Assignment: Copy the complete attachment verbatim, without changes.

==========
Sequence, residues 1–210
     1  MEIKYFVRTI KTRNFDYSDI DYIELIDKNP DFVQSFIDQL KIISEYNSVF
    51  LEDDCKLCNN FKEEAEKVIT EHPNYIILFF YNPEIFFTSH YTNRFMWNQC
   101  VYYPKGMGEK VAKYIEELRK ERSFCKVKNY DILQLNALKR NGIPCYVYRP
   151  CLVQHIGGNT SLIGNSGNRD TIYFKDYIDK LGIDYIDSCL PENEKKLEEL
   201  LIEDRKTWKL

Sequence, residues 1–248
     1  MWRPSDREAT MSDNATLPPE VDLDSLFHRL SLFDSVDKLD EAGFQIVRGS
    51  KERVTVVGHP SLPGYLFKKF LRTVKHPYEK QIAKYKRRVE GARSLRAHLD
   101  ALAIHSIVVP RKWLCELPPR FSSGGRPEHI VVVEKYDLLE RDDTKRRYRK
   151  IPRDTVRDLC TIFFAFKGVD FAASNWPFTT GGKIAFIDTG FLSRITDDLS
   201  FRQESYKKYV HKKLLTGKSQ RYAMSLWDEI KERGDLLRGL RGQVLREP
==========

Sequence, residues 1–210
     1  MEIKYFVRTI KTRNFDYSDI DYIELIDKNP DFVQSFIDQL KIISEYNSVF
    51  LEDDCKLCNN FKEEAEKVIT EHPNYIILFF YNPEIFFTSH YTNRFMWNQC
   101  VYYPKGMGEK VAKYIEELRK ERSFCKVKNY DILQLNALKR NGIPCYVYRP
   151  CLVQHIGGNT SLIGNSGNRD TIYFKDYIDK LGIDYIDSCL PENEKKLEEL
   201  LIEDRKTWKL

Sequence, residues 1–248
     1  MWRPSDREAT MSDNATLPPE VDLDSLFHRL SLFDSVDKLD EAGFQIVRGS
    51  KERVTVVGHP SLPGYLFKKF LRTVKHPYEK QIAKYKRRVE GARSLRAHLD
   101  ALAIHSIVVP RKWLCELPPR FSSGGRPEHI VVVEKYDLLE RDDTKRRYRK
   151  IPRDTVRDLC TIFFAFKGVD FAASNWPFTT GGKIAFIDTG FLSRITDDLS
   201  FRQESYKKYV HKKLLTGKSQ RYAMSLWDEI KERGDLLRGL RGQVLREP